You have to hand it to the French for making tax news interesting. Their on-again off-again 75% tax on the wealthy fueled a worldwide debate over whether high earners are unpatriotic to call it quits and head for greener pastures. In France, some of those now strapping on their walking shoes might even be highly paid footballers. To the French, that’s a source of national pride.
But like it or not, France’s highest court has approved a 75% tax on high earners, President title="More articles about Fran ois Hollande.">François Hollande can at least say he did what he promised. Well, for 2013 and 2014 at least, since the measure is temporary. There was bitter controversy when President Hollande’s Socialist government imposed the super tax shortly after taking office.
It caused some well-publicized departures, including quintessentially French actor Gerard Depardieu. After flitting with crossing the border to Belgium, Mr. Depardieu famously became a Russian citizen, much to the apparent delight of Vladimir Putin. Dismayed, French Prime Minister Jean-Marc Ayrault labeled Mr. Depardieu “pathetic” and “unpatriotic.”
Elegantly striking back, Depardieu wrote: “I hand over my passport to you and my social security card, which I have never used.” Even France’s wealth-king Bernard Arnault applied for Belgian nationality. Like Mr. Depardieu, Mr. Arnault took heat, facing the newspaper headline: “Get Lost, You Rich Bastard.” He later reversed course and stayed put.
But controversy remains. France’s Constitutional Council eventually Struck Down 75% Tax Rate but gave a kind of template for the future. Prime Minister Jean-Marc Ayrault promised a revised version of the 75% tax and was good to his word. The government redrafted a proposed bill to levy a temporary 75% tax on earnings over 1 million euros.
As modified, employers too are liable for the 75% tax on salaries exceeding 1 million euros. That’s savvy, since getting money directly from employers is always better than waiting for individuals to cough up money. It may impact French football clubs since so many have players making over the 1 million euro mark. Some say France’s clubs could face a loss of players.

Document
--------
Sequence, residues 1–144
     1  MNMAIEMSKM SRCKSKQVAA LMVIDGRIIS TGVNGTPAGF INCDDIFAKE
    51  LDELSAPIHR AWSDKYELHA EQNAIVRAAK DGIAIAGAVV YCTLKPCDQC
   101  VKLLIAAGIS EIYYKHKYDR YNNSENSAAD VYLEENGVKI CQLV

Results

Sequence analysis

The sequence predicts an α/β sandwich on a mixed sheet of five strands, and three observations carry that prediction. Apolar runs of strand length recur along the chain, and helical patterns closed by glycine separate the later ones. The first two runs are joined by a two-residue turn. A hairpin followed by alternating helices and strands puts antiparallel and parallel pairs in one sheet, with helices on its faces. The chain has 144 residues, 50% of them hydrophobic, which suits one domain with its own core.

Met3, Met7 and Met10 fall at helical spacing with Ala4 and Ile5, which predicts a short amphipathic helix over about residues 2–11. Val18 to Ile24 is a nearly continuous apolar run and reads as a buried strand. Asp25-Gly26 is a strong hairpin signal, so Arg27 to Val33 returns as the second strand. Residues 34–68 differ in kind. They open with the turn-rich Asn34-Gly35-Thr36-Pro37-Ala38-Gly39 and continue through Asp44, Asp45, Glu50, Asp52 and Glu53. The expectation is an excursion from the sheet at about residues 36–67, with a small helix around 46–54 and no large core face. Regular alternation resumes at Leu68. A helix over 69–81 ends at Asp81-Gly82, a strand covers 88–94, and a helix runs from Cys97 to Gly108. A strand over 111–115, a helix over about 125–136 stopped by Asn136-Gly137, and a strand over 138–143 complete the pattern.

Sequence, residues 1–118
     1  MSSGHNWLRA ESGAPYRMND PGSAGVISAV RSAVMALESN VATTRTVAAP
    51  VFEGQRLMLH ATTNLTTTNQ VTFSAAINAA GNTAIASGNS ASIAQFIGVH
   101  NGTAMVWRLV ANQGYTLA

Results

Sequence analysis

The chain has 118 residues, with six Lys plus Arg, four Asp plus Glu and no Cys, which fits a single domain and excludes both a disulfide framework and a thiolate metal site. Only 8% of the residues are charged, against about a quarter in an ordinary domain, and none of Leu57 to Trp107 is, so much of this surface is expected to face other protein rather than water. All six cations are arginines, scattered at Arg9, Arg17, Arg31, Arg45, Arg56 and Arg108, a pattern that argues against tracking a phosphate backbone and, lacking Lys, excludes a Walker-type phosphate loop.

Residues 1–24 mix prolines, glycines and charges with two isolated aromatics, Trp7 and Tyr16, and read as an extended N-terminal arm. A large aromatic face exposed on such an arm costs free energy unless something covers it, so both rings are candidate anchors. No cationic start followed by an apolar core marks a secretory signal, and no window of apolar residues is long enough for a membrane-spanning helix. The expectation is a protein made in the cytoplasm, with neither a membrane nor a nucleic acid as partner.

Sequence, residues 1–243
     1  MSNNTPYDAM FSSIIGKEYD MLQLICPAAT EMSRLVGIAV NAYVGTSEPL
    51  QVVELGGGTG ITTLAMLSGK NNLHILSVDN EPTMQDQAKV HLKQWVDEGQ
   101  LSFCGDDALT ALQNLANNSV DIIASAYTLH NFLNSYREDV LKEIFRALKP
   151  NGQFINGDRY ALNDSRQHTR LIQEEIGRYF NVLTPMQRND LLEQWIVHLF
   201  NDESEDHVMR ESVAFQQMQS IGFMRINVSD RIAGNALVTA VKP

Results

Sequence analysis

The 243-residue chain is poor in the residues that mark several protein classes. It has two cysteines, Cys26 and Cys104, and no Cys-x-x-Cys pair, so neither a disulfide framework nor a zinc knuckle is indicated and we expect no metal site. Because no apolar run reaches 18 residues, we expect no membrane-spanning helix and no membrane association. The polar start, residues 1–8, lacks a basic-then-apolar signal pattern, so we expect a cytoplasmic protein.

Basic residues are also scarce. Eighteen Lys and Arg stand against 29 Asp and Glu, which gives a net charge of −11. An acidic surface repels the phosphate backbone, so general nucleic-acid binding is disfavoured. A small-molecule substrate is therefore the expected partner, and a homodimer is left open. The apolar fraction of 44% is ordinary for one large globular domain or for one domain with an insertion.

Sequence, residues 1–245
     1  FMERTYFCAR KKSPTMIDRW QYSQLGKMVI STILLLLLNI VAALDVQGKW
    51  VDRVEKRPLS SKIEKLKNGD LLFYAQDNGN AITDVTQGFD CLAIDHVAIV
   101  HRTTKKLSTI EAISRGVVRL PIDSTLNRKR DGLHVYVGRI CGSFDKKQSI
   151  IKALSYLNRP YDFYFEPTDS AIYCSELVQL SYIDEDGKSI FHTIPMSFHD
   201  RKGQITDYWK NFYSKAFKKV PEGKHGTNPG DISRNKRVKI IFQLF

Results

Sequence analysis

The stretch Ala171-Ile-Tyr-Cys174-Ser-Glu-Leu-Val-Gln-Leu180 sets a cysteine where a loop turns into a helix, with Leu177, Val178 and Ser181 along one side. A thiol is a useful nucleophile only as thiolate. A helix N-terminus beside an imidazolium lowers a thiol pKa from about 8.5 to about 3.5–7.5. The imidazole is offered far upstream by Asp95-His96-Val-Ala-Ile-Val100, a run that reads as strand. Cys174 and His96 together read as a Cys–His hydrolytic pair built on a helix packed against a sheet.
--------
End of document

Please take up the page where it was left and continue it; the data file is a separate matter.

And as it’s clear the tax is valid for 2013 and 2014 income, the rate will hurt. Earlier this year French Finance Ministry data revealed that over 8,000 French households paid taxes topping 100% of their incomes, according to. See Taxes on Some Wealthy French Top 100% of Income. How is that possible?
Stateside, you might guess that only the alternative minimum tax could send rates topsy-turvy, making you taxed on more than you received. In France, it was evidently a one-time 2011 levy on incomes for households with assets over 1.3 million euros ($1.67 million). 8,000 families paying 100% may seem a small number, but nearly 12,000 households reportedly paid more than 75%.
More debilitating for more people, France’s Constitutional Council upheld taxing capital gains at the same rates as ordinary income. That has broader and deeper reach than the millionaire’s tax. And in early 2013, even Former French President Nicolas Sarkozy was reportedly considering a move to the U.K., the Times of London reported.
Moving for tax reasons—or moving for other reasons but keeping an eye on taxes—has become popular. One American face on the issue is Facebook’s Eduardo Saverin, who decamped for tax-friendly Singapore. See Why Facebook’s Co-Founder Just Defriended America. Yet decamping is not as easy as it looks given America’s tough and complex tax system.